Award for best research image

IPP scientist Michael Griener distinguished for “Best Research Image in Plasma Physics”

August 06, 2019

The prize for the best research image awarded by the scientific journal Europhysics Letters (EPL) among the participants of this year’s plasma physics conference of the European Physical Society (EPS) went to Dr. Michael Griener from Max Planck Institute for Plasma Physics.

The winning photo shows the polychromator system of the helium spectroscopy, which Michael Griener developed and now operates at the Garching fusion device ASDEX Upgrade. The measuring apparatus observes the electrons in the plasma edge and delivers their temperature and density in high spatial and temporal resolution.

The winning photo shows the polychromator system of the helium spectroscopy, which Michael Griener developed and now operates at the Garching fusion device ASDEX Upgrade. The measuring apparatus observes the electrons in the plasma edge and delivers their temperature and density in high spatial and temporal resolution. This is important information because the properties of the plasma boundary layer influence the entire plasma confinement and determine the interaction between the plasma and the vessel wall.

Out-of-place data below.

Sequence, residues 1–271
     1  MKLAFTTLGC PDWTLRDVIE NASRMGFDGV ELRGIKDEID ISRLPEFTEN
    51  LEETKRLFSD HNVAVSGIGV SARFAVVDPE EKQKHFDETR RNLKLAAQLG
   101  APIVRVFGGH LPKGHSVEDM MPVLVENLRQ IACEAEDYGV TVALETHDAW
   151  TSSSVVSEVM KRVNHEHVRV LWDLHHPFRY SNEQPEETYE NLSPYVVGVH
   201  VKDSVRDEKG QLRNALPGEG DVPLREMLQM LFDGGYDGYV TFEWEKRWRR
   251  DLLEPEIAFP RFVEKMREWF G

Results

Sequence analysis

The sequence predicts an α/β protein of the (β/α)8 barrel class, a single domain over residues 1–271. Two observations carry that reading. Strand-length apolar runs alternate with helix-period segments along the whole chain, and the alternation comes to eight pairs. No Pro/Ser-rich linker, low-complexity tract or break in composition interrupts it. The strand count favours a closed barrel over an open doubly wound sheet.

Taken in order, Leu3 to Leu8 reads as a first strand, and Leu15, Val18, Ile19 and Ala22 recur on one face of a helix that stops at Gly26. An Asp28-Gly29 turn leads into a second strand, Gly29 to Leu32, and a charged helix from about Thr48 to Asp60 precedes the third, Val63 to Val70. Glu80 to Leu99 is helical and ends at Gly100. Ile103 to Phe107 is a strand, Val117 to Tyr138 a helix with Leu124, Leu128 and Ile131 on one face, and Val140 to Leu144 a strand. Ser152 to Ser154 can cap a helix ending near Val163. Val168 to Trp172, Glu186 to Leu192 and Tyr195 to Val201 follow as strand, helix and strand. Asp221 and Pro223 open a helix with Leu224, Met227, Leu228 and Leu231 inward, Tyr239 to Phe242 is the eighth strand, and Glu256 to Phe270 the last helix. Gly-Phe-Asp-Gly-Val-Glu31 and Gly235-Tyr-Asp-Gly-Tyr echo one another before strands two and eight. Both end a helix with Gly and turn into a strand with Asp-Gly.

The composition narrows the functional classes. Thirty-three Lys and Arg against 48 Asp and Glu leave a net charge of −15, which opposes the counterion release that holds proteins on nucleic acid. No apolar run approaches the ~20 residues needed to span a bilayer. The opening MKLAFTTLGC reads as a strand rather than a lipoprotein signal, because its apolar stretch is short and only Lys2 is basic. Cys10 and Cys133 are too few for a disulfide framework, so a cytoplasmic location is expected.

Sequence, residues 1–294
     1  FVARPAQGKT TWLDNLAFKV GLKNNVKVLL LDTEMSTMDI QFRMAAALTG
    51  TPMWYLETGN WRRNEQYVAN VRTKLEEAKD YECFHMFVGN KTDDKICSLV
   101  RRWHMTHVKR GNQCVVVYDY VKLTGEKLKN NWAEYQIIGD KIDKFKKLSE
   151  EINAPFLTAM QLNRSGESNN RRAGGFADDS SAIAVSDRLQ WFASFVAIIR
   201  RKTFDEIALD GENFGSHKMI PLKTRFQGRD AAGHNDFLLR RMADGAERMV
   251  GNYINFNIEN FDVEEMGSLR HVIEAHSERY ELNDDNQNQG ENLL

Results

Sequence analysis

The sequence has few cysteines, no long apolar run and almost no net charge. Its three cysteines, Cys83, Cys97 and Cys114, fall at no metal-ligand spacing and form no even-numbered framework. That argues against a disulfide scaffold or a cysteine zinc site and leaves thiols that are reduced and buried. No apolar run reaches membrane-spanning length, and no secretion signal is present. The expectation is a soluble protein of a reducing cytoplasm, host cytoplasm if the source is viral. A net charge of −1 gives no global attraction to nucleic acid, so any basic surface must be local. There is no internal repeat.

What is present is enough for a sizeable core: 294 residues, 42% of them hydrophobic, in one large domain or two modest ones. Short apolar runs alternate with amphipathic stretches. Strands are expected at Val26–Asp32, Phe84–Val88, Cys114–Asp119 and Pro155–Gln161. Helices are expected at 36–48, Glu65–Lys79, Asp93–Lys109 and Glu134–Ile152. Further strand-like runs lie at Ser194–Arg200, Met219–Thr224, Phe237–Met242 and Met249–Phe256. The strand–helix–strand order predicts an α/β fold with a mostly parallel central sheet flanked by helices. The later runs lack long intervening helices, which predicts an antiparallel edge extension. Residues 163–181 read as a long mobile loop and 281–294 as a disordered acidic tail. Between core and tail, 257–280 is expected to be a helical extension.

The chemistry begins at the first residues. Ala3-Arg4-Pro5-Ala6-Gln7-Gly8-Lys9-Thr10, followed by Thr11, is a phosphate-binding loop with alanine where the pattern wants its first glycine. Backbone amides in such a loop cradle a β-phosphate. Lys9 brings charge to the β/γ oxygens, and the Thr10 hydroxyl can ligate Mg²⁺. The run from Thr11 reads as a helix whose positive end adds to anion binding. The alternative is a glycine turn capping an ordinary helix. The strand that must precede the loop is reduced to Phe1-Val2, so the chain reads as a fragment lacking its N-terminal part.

For measurement a beam of helium atoms is sent through the plasma edge. The light they emit in collisions with the plasma particles is collected in 32 optical channels, which correspond to different spatial positions in the plasma, and transmitted through long glass fibres to the polychromator system. A lens (right) focuses the light of the individual fibres on four 32-channel photomultiplier tube arrays, each measuring the intensity of a helium line at 587, 667, 706 and 728 nanometres wavelength. For maximum transmission efficiency, three dichroic mirrors (centre) separate the light into four wavelength bands. In the figure this is artificially illustrated: The mirrors divide the white light from the lens on the right into four colour strips – green, yellow, orange and red. Interference filters directly in front of the photomultipliers then select the specific helium line. In this way, the intensity of the four different helium lines can be measured simultaneously and compared with a theory model. The high light throughput allows for a high measurement frequency of 900 kilohertz, so that even very fast processes such as plasma turbulence can be observed.

According to EPL, the aim of the competition is to promote high-quality visualization work in plasma physics and its explanation in a broadly understandable manner. The competition was open to all attendees of the EPS Plasma Physics Conference 2019, which took place in Milan at the beginning of July. Among the submissions, an international jury made a preselection; the winners were then selected by the 800 conference participants by vote.

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